There are lots of very good arguments for ending the war in Afghanistan, like, now. There are also very good arguments for why we should probably not have started it in the first place, but illegality is not one of them. Iraq was the illegal action, and Obama ended that as promised (though I still blame him for refusing to investigate those who started it). Afghanistan may have been a monumentally bad idea, but it was not illegal.

But as Zoombie pointed out, that's not what the thread is about because Stein did not claim he would refuse to follow Obama's orders because they are illegal. He said that over a political disagreement with the president's policies. Aside from any question of the value of the Afghanistan war, if we've gotten to the place where people will refuse even to do their frigging jobs because they've got their heads stuck so far up their ideological asses, then we may very well be doomed as a nation. Let's hope Stein represents a teensy-tiny little minority of blowhards. In my more bitter moments, I doubt that.

Thank you for saying this. But don't expect anybody to listen. Marines resent it. Soldiers resent it. But it goes on and on.
Sorry. I'm guilty of it, too. I guess I just knee-jerk fall back on "soldier" as a generic term for anyone who fights in an organized military group and whose feet touch the ground. You know, as if "soldier" is a broad category of warrior, differentiated from "sailor" and "aviator."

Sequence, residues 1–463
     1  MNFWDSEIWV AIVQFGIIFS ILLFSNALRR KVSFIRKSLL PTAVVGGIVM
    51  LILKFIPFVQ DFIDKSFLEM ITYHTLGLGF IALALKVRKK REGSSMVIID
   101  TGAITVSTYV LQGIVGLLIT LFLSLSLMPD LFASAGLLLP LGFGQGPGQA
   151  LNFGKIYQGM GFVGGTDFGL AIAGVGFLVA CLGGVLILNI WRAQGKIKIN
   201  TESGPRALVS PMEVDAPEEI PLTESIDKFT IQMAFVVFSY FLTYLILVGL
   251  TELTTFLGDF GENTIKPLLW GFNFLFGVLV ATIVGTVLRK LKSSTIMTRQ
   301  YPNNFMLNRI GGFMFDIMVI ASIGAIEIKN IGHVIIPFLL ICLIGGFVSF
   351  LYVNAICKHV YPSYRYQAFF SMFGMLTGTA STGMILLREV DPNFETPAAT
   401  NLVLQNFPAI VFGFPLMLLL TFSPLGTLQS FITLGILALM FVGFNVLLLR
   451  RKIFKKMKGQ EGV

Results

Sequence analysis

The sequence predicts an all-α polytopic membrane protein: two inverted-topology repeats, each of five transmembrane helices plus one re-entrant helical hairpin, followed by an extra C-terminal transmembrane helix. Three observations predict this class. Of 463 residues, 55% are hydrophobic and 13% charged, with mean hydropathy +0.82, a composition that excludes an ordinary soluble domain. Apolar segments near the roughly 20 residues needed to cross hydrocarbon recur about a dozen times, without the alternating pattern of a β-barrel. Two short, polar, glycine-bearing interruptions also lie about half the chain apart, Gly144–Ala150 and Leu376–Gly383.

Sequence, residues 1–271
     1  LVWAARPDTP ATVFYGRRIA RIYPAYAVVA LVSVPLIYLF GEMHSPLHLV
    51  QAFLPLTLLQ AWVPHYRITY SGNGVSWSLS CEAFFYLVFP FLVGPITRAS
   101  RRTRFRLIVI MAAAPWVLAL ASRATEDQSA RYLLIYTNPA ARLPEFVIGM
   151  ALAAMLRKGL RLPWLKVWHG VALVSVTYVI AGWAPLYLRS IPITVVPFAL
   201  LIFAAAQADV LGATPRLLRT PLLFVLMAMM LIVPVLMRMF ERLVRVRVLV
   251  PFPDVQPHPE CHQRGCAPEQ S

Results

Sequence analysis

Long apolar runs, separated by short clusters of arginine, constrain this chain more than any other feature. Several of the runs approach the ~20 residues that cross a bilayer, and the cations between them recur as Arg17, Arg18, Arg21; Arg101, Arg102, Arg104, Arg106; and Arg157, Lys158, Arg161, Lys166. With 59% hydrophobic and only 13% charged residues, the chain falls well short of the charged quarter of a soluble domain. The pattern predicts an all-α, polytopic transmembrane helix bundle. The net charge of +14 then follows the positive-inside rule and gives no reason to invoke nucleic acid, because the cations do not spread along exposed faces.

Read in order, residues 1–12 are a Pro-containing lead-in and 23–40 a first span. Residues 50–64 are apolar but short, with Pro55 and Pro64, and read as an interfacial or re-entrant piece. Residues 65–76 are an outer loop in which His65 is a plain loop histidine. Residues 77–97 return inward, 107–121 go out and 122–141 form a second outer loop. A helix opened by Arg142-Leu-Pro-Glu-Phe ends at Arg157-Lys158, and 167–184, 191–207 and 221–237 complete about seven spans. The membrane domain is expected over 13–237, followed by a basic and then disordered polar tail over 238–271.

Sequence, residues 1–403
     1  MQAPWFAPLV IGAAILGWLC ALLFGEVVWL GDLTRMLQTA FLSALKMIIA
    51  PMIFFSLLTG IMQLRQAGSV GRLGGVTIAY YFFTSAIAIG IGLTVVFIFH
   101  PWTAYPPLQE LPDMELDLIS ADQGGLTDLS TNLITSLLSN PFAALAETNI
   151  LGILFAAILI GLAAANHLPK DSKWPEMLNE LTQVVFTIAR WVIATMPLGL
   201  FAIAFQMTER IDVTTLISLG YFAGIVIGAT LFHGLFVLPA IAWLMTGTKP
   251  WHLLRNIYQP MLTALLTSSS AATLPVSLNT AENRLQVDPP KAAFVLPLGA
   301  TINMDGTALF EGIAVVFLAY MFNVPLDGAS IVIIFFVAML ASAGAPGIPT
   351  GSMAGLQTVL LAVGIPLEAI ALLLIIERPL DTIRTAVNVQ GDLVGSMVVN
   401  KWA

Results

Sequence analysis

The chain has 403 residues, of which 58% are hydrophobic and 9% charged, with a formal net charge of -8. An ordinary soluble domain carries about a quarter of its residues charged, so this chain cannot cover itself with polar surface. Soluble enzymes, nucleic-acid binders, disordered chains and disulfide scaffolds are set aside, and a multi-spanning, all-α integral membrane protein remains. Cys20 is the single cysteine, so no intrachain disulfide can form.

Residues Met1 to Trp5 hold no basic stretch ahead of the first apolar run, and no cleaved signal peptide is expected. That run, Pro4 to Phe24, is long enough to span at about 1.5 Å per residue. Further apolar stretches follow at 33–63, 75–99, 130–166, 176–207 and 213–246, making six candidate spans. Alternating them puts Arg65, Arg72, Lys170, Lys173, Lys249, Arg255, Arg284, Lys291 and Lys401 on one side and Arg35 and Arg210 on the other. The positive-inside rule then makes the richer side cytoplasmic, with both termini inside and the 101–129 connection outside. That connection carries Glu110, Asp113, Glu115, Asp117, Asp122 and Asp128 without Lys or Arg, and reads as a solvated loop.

Zoombie
04-28-2012, 11:39 AM
Define "illegal" in the context of Afghanistan. That word "illegal" is being thrown around here like an overripe canteloupe, as if it has a precise, tightly constrained meaning.

Sorry, should have specified the Iraq war, as I follow RH's interpretation of said events. (And thanks for the reminder, as it's way too damn easy to blur the two wars into a single bloody mess)

Still, this Marine is the only one I've met so far (well, read about) who I'd be fine with calling an Ex-Marine. That's how goddamn stupid I think he is.

Don
04-28-2012, 06:26 PM
You know, as if "soldier" is a broad category of warrior, differentiated from "sailor" and "aviator."
There's the generic term, right there, but it's not too popular for some reason, so people fall back on the less-loaded term.

Celia Cyanide
04-28-2012, 07:15 PM
Looking over the previous thread, the "tenor" isn't actually that different. Same argument, with some for and some against, followed by a derail. :)

can you explain what happened, in that situation, then?